A man with autism relied on his Boy Scout skills to survive in New York’s Adirondack woods for 50 hours during a heat wave.
Bruce Williams, 29, of Colonie, became lost in the woods on Saturday. Williams has problems communicating and also has weak peripheral vision and motor dysfunction.
He left his family’s camp in Bleecker in the Adirondack foothills for a swim in the lake on Saturday afternoon. Williams’ mother, Janet, said she did not think her son would go far.
"He normally goes down to one of the bridges to take a quick dip," she told the Times-Union of Albany. "We usually let him go by himself, and he's back within an hour."
When he didn’t return, the family searched for him and called on forest rangers on four-wheelers to help them. The rangers used drones and searched for Williams throughout the night.
Williams said he got lost while looking for the lake to go swimming. He did not pack any water or food with him but was able to find a stream for safe drinking water.
On Sunday morning, Williams, an Eagle Scout — the highest Boy Scout rank — found a tent near a lake and decided to take a swim to cool off. But he got caught in the current.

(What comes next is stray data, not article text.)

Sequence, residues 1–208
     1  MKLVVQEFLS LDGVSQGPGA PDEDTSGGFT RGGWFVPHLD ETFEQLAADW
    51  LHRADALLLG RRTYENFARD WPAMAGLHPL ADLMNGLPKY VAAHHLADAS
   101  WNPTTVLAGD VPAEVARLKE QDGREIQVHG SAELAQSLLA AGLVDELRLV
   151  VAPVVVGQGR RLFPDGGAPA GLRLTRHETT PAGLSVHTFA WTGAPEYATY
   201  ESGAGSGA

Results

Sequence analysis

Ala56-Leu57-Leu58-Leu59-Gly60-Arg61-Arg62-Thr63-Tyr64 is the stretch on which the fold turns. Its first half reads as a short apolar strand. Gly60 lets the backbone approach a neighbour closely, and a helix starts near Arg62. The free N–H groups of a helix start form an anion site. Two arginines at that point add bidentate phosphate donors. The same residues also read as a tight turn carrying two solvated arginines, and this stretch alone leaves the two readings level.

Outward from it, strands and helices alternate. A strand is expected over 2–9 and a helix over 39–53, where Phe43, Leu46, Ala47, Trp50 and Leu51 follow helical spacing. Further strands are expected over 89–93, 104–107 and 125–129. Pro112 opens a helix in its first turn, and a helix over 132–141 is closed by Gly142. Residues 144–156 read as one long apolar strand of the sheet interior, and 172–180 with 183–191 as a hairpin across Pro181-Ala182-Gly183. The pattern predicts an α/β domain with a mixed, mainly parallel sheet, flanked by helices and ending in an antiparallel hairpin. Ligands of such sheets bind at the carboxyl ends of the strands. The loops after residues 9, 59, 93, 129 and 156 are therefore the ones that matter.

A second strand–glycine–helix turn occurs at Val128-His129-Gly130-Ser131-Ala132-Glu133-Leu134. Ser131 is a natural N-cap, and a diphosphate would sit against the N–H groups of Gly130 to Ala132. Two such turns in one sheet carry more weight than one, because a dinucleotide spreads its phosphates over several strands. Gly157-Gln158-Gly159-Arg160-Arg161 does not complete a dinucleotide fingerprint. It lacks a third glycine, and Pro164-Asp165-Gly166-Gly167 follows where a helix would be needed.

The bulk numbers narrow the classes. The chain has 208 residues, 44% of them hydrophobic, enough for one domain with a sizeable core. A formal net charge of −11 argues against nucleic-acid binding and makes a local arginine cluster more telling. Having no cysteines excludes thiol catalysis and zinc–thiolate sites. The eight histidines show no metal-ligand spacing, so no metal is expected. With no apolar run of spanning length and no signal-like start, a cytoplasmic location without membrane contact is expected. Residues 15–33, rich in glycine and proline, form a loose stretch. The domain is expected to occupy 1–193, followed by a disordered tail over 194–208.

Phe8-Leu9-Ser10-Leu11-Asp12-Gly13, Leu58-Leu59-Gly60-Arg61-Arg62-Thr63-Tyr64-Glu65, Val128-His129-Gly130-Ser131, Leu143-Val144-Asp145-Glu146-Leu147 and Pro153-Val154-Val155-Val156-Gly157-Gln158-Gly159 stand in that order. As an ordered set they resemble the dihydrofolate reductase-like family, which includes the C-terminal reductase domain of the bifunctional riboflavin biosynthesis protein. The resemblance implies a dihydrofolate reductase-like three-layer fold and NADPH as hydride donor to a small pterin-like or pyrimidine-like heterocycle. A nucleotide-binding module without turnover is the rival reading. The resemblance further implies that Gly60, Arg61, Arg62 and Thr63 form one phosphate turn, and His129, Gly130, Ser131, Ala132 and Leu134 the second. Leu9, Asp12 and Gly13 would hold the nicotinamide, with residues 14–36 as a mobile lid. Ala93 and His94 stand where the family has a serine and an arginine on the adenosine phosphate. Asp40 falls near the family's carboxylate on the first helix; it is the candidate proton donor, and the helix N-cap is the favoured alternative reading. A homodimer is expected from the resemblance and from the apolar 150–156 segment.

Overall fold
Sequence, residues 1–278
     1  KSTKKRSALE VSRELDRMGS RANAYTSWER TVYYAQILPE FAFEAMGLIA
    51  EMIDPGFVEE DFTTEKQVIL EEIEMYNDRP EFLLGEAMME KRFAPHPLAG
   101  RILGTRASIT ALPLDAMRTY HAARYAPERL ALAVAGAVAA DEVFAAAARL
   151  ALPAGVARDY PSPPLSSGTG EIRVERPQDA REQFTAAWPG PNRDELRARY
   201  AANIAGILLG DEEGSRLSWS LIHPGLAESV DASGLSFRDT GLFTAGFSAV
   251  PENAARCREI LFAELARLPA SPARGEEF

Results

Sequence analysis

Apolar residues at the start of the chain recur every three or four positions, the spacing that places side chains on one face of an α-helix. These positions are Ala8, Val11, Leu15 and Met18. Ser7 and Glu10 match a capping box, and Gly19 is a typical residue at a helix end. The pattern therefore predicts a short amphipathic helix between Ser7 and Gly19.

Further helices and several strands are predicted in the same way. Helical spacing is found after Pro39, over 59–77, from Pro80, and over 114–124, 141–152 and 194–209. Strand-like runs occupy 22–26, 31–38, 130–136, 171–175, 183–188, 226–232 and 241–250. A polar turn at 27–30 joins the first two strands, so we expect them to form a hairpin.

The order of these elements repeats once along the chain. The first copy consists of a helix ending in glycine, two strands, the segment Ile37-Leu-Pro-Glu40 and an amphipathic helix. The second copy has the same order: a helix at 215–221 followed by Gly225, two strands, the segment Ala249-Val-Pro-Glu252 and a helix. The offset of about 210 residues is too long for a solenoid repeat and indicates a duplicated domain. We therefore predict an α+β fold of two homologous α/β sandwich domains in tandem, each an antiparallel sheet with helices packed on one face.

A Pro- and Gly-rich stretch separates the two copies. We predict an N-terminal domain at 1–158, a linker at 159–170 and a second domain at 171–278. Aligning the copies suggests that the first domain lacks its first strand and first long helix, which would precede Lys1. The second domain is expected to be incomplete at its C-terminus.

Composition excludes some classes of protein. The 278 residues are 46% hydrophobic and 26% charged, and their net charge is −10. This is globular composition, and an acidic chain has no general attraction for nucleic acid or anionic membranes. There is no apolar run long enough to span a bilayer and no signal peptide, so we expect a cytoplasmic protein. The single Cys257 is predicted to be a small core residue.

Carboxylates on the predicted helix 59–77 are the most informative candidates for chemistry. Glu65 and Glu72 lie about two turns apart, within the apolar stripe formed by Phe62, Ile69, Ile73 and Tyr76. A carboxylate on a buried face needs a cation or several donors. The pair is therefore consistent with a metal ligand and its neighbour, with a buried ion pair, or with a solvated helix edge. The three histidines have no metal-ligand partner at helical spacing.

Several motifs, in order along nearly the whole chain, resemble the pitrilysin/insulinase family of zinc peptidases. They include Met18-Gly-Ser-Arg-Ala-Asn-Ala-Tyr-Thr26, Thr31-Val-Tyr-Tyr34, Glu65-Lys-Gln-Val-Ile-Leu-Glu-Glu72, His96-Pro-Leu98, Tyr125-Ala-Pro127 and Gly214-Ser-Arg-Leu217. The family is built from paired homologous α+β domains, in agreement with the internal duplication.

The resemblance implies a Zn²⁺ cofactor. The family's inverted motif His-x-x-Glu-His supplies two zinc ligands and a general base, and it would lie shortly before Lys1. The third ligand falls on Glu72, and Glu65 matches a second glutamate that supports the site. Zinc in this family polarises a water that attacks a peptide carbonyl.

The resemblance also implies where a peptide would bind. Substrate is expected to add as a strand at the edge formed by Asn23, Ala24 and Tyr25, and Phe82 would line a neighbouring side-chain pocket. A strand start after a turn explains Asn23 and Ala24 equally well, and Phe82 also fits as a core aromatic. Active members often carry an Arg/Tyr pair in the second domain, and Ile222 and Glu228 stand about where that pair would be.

“The current carried me all the way away,” Williams told the Times-Union of Albany.
Far from shore and tired from swimming, he thought of the Boy Scouts. He relaxed his body and began to float.
Rangers found Williams on a rock Monday afternoon near the eastern shore of the lake. He was sunburned, bug-bitten and scratched up, but otherwise in good health and spirit, said Lt. Brian Dubay, the state forest ranger who led the search.
Dubay said Williams’ Boy Scout training helped him stay alive.
“He knew enough not to eat anything from the forest. He knew to drink water and stay hydrated. He knew to stay visible on that rock. He didn’t panic,” Dubay said. “So I think some of those skills are innate from that Boy Scout background and training.”
Williams's mother also credited the Boy Scouts, and God, with helping her son survive.
“It was a happy ending,” she said. “You don’t really hear too many happy endings.”
The Associated Press contributed to this report.